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Woodlake collects $130K in cannabis tax in 2018

Woodlake collects $130K in cannabis tax in 2018

Woodlake collected $83,070 in first quarter from Valley Pure dispensary, totaling $129,467 in 2018

By Paul Myers @PaulM_SGN

WOODLAKE – Woodlake just continues to watch the green roll in through the first quarter of their fiscal year.
In 2018 Woodlake has collected a total of $129,467 in commercial cannabis taxes from Valley Pure. According to community development director Jason Waters the City has collected $83,070 in cannabis tax revenue over the period of July through September, the first quarter of the 2018-2019 fiscal year. Before that, during the fourth quarter of the 2017-2018 fiscal year­—between April and June—the City collected $46,397.

This latest collection was put towards some finishing touches on the Woodlake Community Center. Waters says they used the money to purchase kitchen equipment and wall padding for the basketball court. The taxes did not fund the entirety of those items but they contributed.

The latest collection was produced from the City’s five percent tax on gross receipts from the dispensary. Woodlake does have the ability to tax dispensaries as high as 10 percent. But that is not where the largest amount of green will come from. Instead the largest tax generators will be cultivators, and the City already has one on the way to opening and a few others moving their way through the process.

In July Woodlake was given the go-ahead to annex a portion of Tulare County property across the street from the Dead Rat Saloon on Ave. 344 into the city limits. Since then cannabis cultivator Seven Point has taken the abandon Sun Pacific packing house facility on the property and is in the midst of renovating in it for use.
Wayne Bishop, CEO of Seven Point says the company bought the packing house in January because of its good infrastructure.

“Since [the city of Woodlake] annexed it into the city, we’ve done all of our permitting for the facility and we’ve been issued our regulatory permits on Monday. If all goes well, we’ll get our state license and have this facility open before the end of the year,” Bishop said in an interview with the Sun-Gazette in September.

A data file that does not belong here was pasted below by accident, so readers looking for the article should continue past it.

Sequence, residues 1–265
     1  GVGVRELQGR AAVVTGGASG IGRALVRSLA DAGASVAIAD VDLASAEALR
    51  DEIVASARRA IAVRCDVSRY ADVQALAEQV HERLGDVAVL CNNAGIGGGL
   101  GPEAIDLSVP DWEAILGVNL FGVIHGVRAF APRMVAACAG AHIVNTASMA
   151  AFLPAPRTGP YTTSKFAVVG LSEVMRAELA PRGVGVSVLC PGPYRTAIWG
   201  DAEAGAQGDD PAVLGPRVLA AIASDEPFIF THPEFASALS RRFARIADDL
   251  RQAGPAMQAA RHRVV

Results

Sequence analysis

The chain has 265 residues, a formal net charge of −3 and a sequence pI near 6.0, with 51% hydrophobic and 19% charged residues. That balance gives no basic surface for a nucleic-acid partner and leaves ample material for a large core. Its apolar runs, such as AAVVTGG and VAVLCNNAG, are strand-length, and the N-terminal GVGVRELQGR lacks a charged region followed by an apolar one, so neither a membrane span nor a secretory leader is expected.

According to Woodlake City Council, 7 Point intends to operate an 116,320 square foot cannabis cultivation facility on the south side of Ave 344 between Road 196 and State Route 216. The project required a zone change and annexation of the 7.72-acre parcel before the facility can be considered for cannabis cultivation.

Bishop said the reason why his company chose the city of Woodlake, which has a population of fewer than 8,000, was because of its location in California in relation to bigger cities and because of its stance on cannabis business.
“[Woodlake] has a good tax base structure and it has a municipality that is very ‘pro’ on cannabis, so there were several reasons why we decided to open shop there.”

Bishop also says the City of Woodlake has been very helpful in the process of opening the cannabis facility.

“I would say our track record of actually starting from scratch and annexing [the land] into the city and getting all of our permits in eight months is a pretty impeccable record I think it’s partly due to our experience and also partly due to the City of Woodlake in being helpful in getting this facility permitted. We are very thankful that they have been a good city to work with.”

With the onslaught of cannabis-related license and permit applications being requested from the City of Woodlake, Bishop hopes to see less competition and more conducive environments in this “green rush”.

“This industry needs a good track record, so we’re here to help not just ourselves but others,” said Bishop. “If we can, we’d like to be able to form relationships and partnerships that we can eventually complement each other, so I’m hoping to have less competition and more friends in the business.”

According to Woodlake City Council, the improvements to the facility include installation of curb, gutter and 5 foot sidewalks along the front of the facility on Naranjo Boulevard.

Security will include installation of a security gate, lighting, fencing, and an alarm system in accordance to Woodlake Municipal Code. This would also include a live surveillance feed to police headquarters.

On Nov. 7, 2017, Woodlake residents voted on Measure S, which enacted a cannabis business tax on all cannabis businesses within Woodlake city limits, authorizing the city to levy a local tax on marijuana businesses at a maximum rate of 10 percent of gross receipts or $25 per square foot. The Woodlake Cannabis Tax Measure authorizes City Council to establish the tax rates for all cannabis businesses within Woodlake city limits.

And as of the city council’s Nov. 26 meeting, Seven Point will have a neighbor. Woodlake city council voted in favor of a conditional use permit to allow a second cultivator on the street, Uncle Green. Water’s says that operation will not be anywhere close to done soon because of the extensive renovations.

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About The Author


Editor and reporter for The Sun-Gazette. Vice president of Mineral King Publishing, Inc.

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